While all the tourists buses go to Dona Rosa's store; it is important to know that Dona Rosa is dead and that the proliferation of stuff there is made in local small production factories from molds. The work sold there has nothing to do with Dona Rosa and all to do with a very successful business her son carrys on. I have heard that 200 people work behind the closed doors making stuff Dona Rosa would not recognize.

For a genuine craft experience I recommend going to Alfareria Juanita a block and a half or two before Dona Rosa's display store on the left-hand side of the street. Juana and her daughter Claudia work jointly making black pottery. They will gladly demonstrate their working methods. They don't make souls nicer than those two. Juana will make a perfectly shaped pot without a potters wheel, by skillfully punching and patting it into shape.

The most famous carved animal maker (alebije) in Arrazola calls me "Tio". He is quite an old man (I'm not). It is a cultural thing. He is a curandero also, an extremely religious man and shouldn't be disturbed. Meeting him is not easy. I can't afford his work, but I like his company.

More primitive water carrying jug and vessel pottery can be found in the Sierra Mixe. A very significant percentage of people don't speak Spanish there. An outsider just driving into town there might be a tough hand to play. The mountains are significant. Thier storys say that the people there came from Peru in very ancient times. On market day true unadulterated pulque is sold. Don't be fooled by the crowd around the Catholic Church on religous days; there are people at the same time up at the peak of the major mountains sacrificing turkeys with their curanderas. A visit to a sacrificial site (I don't think I would do this without a person to speak for you in Mixe) will reveal evidence of quiet heavy use. Sacrifice is usually followed with cerimonial drinking of pulque from bowls. Not much need to worry about contamination of indigenous authenticity up there.

"Hecho todo a mano." "Mucho trabajo." "Muy dificil." The more you hear that the faster you ought to run. Much of that stuff can be bought cheaper in Los Angeles than in Mexico because it is closer to the source - China. Mexico add a duty onto Chinese-made Mexican crafts. The people that drone those lines usually haven't work in years, if ever. The people who really do work talk about it less (same as in the USA - the louder someone talks about hard work, the less likely they do any.).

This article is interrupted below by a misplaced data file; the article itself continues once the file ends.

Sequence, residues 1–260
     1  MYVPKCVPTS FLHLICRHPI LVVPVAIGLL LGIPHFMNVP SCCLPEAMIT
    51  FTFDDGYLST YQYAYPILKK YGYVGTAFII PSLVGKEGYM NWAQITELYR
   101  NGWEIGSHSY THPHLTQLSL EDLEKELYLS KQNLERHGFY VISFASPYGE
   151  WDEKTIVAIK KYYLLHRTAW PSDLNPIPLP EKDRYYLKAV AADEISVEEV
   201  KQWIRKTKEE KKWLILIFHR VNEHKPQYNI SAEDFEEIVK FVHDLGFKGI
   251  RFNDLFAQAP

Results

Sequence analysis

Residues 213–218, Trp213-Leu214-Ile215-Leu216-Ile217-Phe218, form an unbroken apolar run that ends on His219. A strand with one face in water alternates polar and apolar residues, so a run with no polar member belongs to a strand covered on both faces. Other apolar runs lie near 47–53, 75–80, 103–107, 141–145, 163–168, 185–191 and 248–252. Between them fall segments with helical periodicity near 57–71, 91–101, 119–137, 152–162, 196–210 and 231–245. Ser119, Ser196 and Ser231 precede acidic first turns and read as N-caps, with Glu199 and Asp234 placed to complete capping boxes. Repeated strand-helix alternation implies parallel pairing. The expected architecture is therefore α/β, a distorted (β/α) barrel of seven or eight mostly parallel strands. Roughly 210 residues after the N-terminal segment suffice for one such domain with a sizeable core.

You can buy a semi truck load of craft stuff in Mexico and it will all start to look alike after a few years. Unless you know the person that made it, it is just stuff. When you know the person who made it that memory will keep the item fresh and alive in your mind for a lifetime. The fact that Nelson Rockefeller knew Dona Rosa when they were both alive doesn't make the stuff they are selling now worth 2 cents. Value come from a different direction, as the wood carving master knows so well.

Buying rugs in Teotitlan de Valle, Oaxaca is like buying Turkish rugs from Iranians - a tricky operation. If one just wants to spend money and get colorful, the fellows in the big houses can handle the job readily - all todo a mano.


Apr 10, 2004, 11:39 AM

Post #8 of 8 (1108 views)


Re: [mazgordon] Authentic craft sources

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I would suggest looking at the huge, new, beautifully produced BANAMEX book on Mexican Folk Artists. I was able to check it out of the Public Library here in California just as it got to the shelves recently. It has photos of many different genres of production and biographical material on the artists. I have not been able to discover WHERE the Banamex collection pictured in the book is housed or displayed - just haven't given that research much time. Looking at this book helped me to educate my eyes to the level of quality still being produced by living artists and their "schools". Also, the geographical distribution of folk art production is described. Of course, the artists work featured in this book would carry prices beyond the reach of most of us, but the book does set a benchmark for quality against which articles produced by less famous or less accomplished artists can me measured. Of course, the ineffable spirit of the thing itself is what counts most - does it "touch" you somehow?
I have to add that the incursion and passing off of Chinese goods as Hecho en Mexico is very sad. The shops filled with lovely 100% cotton reverse applique, embroidered blindstitched table cloths look just like Grant Avenue here in San Francisco, but the shopkeeper will say, when asked, "Oh yes, these are made in Mexico" - They are nice and they wear like iron, but they are NOT Mexican- caveat emptor! Joan